The only time numbers on a board mean anything is at a weightlifting contest. I will never compare athletes as far as how much weight they can lift on an exercise. I don't say this athlete can only handle 205 on this exercise and another athlete handles 425. If the 205 athlete was handling 200 a week ago, I will give him a pat on the back and tell him, "great job, you're getting stronger." 

Q: What role does genetics play in the grand scheme of things? 

A: Oh, without question, genetics is the most important factor. Everybody can be made stronger. We all have a special genetic gift, and the athletes that I get to work with are certainly blessed. What makes them good athletes is that they possess the gift of athletic ability. 

Something that I feel is important in dealing with athletes is that we need to strengthen their strengths. We should not spend a great deal of time trying to improve their weaknesses. They made it to this level due to some inherent ability. It's like the old saying, "You gotta dance with the one that brought you to the dance." 

Q: You deal with athletes who come from varied strength training backgrounds (experience and philosophy). How do you handle this unique challenge? 

A: I never discourage or discredit what somebody else does or what another coach does. I observe an athlete train and I will give my advice if I feel that they may benefit from a modification in their training. I like to sit down with the athlete and explain to them why  modification may be of help to them. Teaching is a very important aspect of coaching. 

Q: What do you like best about being a strength coach? 

A: The think that I like the best is seeing an athlete progress and get better. 

Q: What would you say to someone who is thinking about going into the strength coaching profession? 

A: I feel that it is an outstanding profession. Education is very important -- learn as much as you can. You must be flexible in your program design and you must remember that you are strength training athletes and not training weightlifters. 

It is my feeling that strength training has had the greatest effect on the improvement of athletic performance more than any other variable. This holds true for track and field, basketball, volleyball, and every other sport. 

Make the training experience a positive one for your athletes, especially the ones who are not real big on strength training. 

Always encourage your athletes, never put them down. You need to get along with your athletic trainers and your other coaches. After all, you re all working toward the same goal. It's not that tough to get along with everyone.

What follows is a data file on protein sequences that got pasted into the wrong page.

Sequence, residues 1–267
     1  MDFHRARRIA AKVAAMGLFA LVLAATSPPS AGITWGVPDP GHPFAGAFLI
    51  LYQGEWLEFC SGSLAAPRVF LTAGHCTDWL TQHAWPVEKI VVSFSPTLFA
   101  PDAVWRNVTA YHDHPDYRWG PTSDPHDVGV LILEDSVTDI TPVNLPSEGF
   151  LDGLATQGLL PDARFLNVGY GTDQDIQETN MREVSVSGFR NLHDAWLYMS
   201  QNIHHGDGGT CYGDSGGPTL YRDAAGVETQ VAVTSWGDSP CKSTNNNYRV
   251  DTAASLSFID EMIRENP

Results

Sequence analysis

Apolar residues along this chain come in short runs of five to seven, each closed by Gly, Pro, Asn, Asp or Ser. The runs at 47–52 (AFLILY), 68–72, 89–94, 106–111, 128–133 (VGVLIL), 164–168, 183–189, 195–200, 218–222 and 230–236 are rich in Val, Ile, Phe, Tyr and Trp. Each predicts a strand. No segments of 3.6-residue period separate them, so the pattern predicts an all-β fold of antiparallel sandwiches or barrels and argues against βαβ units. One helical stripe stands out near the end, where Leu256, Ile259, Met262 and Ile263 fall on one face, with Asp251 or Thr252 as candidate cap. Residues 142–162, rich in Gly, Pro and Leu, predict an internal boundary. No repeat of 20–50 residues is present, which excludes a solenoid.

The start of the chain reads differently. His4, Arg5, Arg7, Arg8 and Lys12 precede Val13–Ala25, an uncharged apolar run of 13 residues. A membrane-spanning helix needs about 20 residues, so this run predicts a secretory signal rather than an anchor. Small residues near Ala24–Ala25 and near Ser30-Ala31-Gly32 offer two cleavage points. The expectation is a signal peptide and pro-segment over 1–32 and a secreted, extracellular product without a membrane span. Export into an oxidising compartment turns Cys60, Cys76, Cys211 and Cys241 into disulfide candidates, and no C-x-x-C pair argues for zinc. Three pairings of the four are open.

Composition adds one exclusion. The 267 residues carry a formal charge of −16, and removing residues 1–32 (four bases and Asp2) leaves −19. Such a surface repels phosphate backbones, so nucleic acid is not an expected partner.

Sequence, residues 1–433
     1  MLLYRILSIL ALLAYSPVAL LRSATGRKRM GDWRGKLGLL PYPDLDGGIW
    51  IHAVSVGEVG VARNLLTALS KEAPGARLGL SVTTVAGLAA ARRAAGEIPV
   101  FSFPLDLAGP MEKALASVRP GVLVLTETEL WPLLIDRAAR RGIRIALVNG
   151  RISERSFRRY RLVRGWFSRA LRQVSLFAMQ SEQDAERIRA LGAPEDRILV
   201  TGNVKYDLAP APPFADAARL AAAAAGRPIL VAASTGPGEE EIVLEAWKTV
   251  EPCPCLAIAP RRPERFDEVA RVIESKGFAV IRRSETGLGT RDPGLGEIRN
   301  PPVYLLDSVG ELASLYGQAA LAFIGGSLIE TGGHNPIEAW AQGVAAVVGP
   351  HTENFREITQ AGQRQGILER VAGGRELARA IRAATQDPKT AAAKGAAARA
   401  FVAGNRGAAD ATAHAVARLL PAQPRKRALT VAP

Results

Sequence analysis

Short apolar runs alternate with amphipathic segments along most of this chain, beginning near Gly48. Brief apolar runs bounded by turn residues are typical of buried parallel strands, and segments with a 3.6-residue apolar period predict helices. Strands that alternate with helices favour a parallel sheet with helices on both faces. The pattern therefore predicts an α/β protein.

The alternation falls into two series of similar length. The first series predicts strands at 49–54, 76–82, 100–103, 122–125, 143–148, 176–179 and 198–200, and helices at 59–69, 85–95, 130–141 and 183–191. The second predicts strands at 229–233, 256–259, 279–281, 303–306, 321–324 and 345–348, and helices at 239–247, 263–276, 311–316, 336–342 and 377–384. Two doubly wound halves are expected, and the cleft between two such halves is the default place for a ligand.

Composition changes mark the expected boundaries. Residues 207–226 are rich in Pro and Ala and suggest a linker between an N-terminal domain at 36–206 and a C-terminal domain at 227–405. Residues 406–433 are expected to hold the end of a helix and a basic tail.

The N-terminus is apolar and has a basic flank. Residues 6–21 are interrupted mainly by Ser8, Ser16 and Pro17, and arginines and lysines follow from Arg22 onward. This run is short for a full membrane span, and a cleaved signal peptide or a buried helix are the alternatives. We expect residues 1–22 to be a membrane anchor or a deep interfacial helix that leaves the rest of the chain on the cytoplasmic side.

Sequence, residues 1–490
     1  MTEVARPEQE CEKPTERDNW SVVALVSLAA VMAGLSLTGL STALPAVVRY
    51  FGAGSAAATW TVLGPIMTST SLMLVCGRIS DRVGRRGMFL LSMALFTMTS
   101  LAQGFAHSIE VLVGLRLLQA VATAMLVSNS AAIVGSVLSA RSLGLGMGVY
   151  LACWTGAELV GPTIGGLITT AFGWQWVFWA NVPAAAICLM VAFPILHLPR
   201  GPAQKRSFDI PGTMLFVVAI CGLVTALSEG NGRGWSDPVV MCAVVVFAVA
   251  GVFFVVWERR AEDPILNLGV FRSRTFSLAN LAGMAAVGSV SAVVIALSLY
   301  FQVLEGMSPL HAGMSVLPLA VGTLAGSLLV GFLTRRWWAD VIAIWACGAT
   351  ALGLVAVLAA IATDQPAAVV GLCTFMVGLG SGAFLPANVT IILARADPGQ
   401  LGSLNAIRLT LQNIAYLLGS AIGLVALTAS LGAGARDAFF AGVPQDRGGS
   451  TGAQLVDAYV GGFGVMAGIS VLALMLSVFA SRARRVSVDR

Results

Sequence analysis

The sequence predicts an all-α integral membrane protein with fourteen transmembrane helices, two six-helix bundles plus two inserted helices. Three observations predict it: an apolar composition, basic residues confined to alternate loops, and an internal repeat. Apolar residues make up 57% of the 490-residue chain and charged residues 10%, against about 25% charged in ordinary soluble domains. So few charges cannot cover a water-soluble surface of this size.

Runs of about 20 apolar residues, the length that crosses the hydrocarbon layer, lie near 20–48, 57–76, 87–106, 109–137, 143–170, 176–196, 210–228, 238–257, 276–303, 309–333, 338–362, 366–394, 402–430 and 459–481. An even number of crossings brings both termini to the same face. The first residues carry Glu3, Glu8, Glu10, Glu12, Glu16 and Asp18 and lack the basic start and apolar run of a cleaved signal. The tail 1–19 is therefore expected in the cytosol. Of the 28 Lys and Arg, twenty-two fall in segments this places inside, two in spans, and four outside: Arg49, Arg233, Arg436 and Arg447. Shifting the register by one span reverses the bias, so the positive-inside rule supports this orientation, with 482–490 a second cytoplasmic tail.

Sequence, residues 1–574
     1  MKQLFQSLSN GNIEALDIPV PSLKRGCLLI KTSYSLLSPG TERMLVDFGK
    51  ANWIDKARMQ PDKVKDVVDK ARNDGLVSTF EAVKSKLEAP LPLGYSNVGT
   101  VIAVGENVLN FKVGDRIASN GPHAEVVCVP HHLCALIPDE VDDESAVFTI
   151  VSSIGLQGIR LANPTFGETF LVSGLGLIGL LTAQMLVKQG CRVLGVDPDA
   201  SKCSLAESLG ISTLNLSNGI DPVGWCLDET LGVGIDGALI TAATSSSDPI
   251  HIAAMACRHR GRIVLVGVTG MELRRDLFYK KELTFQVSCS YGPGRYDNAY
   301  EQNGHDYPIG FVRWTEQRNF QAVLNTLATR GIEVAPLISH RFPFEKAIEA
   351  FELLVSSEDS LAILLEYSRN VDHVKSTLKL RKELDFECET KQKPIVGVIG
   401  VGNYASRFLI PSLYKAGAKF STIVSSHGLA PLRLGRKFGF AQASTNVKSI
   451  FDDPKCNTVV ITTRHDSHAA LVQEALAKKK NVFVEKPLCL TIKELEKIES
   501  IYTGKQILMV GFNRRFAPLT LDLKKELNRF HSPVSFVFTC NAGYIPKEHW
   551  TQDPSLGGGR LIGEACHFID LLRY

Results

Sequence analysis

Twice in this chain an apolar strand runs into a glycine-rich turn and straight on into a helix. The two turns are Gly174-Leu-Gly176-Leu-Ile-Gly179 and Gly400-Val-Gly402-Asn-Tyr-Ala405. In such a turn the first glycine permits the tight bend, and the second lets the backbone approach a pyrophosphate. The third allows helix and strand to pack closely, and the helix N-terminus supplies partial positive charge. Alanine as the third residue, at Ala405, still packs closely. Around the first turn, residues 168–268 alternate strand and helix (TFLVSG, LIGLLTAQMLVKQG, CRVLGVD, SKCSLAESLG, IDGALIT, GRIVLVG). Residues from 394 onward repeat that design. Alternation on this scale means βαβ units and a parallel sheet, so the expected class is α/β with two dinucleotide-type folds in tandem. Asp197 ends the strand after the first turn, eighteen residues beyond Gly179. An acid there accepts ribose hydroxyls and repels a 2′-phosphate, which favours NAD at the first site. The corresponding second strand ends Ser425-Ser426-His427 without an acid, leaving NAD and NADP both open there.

Q: Do you still work out? 

A: Yes, I try to work out some. I do some deadlifting and overhead presses. 

Q: You have had some health problems in recent years; how are you doing? 

A: Several years ago I was in a weight room accident. I was spotting an athlete and someone walked behind me and bumped me, as our weight room is somewhat cramped for space. As I stepped back to catch my balance, I caught my foot on a hyperextension bench and fell and ruptured my quadriceps tendon. It was surgically repaired, but I still do not have full range of motion and strength. 

A year ago this past February, I had been having some neck problems which were thought to be degenerative joint changes. I was told to have an MRI to determine the extent of these changes. The MRI showed that I had a tumor growing in the middle of my spinal cord. This is a very rare type of tumor, I was told. I underwent extensive surgery on my cervical spine and spinal cord. They had to cut into the middle of my spinal cord to get to the tumor.   

I was left with some paralysis on my left side. I am improving, but it is slow going. Being left handed, the paralysis on the left side has me unable to write, which is frustrating. Without the surgery, the doctors said I would have been dead within six months. Other than that, things are going quite well. 

Q: Looking back on your life as a competitive lifter and a strength coach, would you do it all again? 

A: Oh, absolutely! Without a question. It has been great!

Enjoy Your Lifting! 


Saturday, April 23, 2022

Strength Circuits - Ken Best